I believe BMG’s response to the growing frustration artists are experiencing due to low royalty rates will bring long term success to the company. In a Financial Times article that was published this month, Masuch stated that “BMG’s ebitda (earnings before interest, tax, depreciation, and amortization) margin of 22.8 percent in 2016 [is] proof that the larger music businesses have cost bases still mired in the physical world.” According to an article published by Music Business Worldwide, “Universal Music Group posted an annual ebitda figure of $712M… representing a 13% [profit] margin.” Sony had a profit margin of 11.5%, and Warner Music Group had a profit margin of 15.9%. BMG, on the other hand, had a profit margin of 22.8%, larger when compared to the Big 3. Although their total revenue was lower than the other companies, when the data is normalized one can see a big difference in the four company’s profit margin.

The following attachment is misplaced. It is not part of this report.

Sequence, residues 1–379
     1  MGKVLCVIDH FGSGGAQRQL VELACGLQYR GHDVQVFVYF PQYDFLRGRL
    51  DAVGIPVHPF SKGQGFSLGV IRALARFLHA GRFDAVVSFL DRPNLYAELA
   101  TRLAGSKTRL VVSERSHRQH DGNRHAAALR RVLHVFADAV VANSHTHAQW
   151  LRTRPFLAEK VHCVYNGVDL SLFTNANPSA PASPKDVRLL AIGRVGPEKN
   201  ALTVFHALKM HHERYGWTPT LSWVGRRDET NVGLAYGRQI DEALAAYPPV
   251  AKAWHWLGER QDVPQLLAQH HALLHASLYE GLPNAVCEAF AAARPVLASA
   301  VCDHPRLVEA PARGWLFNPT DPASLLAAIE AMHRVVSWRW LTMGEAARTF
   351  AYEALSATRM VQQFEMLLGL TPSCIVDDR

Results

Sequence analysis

The article went on to state how BMG has made over 100 acquisitions over the last 8 years and are now focusing on “organic growth.” I believe the company will do just that within the next few years. But there still remains a question to be answered: How are music streaming platforms going to contribute to higher royalty rates for music artists and labels?

Resources:

http://www.digitalmusicnews.com/2016/05/26/band-1-million-spotify-streams-royalties/

https://www.musicbusinessworldwide.com/bmg-revenue-tops-450m-2016-23-profit-margin

https://www.bmg.com/us/about.html

http://www.completemusicupdate.com/article/bmg-boss-says-streaming-boom-will-force-labels-to-offer-artists-better-royalties/

https://www.ft.com/content/e33399ca-1b76-11e7-bcac-6d03d067f81f

Soundcloud’s Future

Soundcloud’s Future

SoundCloud is one of the biggest online music platforms around right now. Boasting approximately 175 million users, it is difficult to see how the giant music streaming company could possible disappear in the next few years. However, they are currently in a problematic situation that will either make or break the company. I believe SoundCloud’s future will consist of rainy days.